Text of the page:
Marcus Hutchinson. Image copyright Artemis Offshore Academy
by Marcus Hutchinson
Probably the most complex part of the Solitaire du Figaro for just about everyone is getting out of the Gironde Estuary. This might sound straight forward, but I wouldn’t like to bet on it being easy. I have just sailed a boat up the river and I now look at the estuary, all 35 miles of it in three stages. The first is the simple round the cans windward leeward component, which will be sailed just before highwater. The second will be sailing down the middle reaches of the estuary through a narrow channel with land on one side and islands on the other side in a building ebb tide or favourable current. The third will be the corner at the top near Royan and the transition from fluvial sailing in lots of current to offshore sailing clear of the land and finally, really on their way to Porto.
It is a 35-mile stretch, the wind will be shifty regardless of strength and direction, the current will also be either stronger or weaker than the ‘average’ mentioned in tidal atlases, quite simply because this is a river estuary with two of France’s largest and most prolific rivers pouring their contents down hill to the Atlantic. The leg across the Bay of Biscay may be seriously straightforward after this and the order coming out of the river, I believe, will be nearly reflected in the finishing order some 500 miles later, just off the estuary of another of Europe's great rivers, Porto’s Duaro.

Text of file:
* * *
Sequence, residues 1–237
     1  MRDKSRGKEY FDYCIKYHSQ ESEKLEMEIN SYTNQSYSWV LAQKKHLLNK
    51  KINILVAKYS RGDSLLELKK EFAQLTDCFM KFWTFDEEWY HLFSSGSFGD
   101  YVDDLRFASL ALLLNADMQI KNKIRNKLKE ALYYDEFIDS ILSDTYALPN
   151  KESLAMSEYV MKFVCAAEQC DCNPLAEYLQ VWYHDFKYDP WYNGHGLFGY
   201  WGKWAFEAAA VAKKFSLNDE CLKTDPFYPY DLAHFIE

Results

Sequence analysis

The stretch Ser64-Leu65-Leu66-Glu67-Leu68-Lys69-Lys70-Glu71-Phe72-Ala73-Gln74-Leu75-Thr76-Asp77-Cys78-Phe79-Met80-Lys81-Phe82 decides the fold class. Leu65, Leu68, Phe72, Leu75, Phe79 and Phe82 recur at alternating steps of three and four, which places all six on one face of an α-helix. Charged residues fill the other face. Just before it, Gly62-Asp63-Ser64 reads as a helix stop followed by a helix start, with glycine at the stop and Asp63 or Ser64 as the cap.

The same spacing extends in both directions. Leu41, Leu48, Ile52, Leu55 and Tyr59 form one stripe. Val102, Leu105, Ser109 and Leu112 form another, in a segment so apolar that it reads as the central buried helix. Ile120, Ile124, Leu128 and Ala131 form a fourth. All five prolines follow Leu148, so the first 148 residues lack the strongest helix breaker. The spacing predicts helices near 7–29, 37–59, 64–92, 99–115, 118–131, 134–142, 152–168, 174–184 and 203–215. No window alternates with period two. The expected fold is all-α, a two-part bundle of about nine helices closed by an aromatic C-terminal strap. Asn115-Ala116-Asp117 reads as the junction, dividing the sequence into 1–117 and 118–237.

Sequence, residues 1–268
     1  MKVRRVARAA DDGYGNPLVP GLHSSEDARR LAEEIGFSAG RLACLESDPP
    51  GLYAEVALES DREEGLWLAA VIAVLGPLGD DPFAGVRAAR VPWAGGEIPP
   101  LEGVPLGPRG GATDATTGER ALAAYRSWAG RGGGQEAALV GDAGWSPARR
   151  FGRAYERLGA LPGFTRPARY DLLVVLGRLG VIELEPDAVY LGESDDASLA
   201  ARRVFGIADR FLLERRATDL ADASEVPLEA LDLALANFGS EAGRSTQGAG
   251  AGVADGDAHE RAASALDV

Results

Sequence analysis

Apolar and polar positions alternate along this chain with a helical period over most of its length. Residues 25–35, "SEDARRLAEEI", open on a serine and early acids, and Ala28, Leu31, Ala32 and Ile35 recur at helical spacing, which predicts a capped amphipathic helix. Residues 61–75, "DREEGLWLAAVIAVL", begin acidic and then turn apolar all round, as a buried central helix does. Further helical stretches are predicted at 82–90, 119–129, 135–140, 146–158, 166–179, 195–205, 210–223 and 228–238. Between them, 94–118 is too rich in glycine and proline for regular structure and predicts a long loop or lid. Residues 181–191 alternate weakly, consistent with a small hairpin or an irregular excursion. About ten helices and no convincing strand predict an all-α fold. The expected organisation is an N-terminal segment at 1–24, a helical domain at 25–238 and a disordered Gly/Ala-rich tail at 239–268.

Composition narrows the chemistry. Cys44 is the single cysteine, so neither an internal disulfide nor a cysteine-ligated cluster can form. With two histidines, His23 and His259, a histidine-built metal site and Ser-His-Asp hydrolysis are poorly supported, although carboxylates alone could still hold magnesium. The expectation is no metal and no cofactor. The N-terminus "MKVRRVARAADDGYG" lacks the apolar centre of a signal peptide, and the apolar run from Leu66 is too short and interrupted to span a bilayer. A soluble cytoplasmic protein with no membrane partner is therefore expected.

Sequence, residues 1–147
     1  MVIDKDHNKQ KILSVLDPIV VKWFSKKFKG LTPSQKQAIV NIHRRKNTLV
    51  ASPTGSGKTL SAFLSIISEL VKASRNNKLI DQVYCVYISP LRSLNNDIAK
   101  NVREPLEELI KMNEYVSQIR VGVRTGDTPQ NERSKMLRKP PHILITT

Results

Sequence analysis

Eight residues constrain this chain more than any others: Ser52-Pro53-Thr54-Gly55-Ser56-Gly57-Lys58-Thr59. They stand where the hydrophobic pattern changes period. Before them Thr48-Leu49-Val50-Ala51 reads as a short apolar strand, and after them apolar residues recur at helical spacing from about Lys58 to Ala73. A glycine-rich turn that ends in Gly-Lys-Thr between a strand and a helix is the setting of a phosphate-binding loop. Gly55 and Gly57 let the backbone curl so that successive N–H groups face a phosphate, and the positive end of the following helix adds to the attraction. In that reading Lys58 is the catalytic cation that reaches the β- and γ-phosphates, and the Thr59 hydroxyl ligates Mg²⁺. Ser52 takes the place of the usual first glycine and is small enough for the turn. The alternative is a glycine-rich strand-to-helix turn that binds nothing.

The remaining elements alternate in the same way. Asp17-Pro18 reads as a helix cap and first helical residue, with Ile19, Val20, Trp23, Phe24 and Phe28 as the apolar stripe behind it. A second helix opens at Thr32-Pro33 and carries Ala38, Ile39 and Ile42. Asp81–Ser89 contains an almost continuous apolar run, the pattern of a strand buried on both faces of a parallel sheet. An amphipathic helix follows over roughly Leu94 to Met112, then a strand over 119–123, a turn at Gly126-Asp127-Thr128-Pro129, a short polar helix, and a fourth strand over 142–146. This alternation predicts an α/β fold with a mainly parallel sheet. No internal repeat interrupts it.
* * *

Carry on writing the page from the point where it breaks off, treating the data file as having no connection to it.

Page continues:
For sure there is Cape Finisterre to tackle on the way and who knows at this range what the weather will be like and whether there will be fronts or ridges to tackle or thermal winds around the cliffs of Galicia. But watch for the gaps between boats to be large at the BXA buoy, the last mark before the open ocean.
Three days isn’t much of a stopover after a real Figaro leg, one that will last at least three days and three nights. The teams that can get back in the saddle and push hard again straight into leg two and the coastal speed test back up to Cape Finisterre will surely be able to maintain their positions once away from Spain to the ODAS buoy and then back to Gijon. This is going to be a speed leg I believe, and speed means steering without a pilot for as long as possible. That of course means as little sleep as possible. But then the skippers will have to balance burning themselves out for potentially little gain against the reality of only two days stopover in Gijon before Leg three, a leg where there could be huge gaps opening up in the favour of the sharpest and most lucid skippers. But more on the final two legs later in the week.
Artemis Offshore Academy
Solitaire du Figaro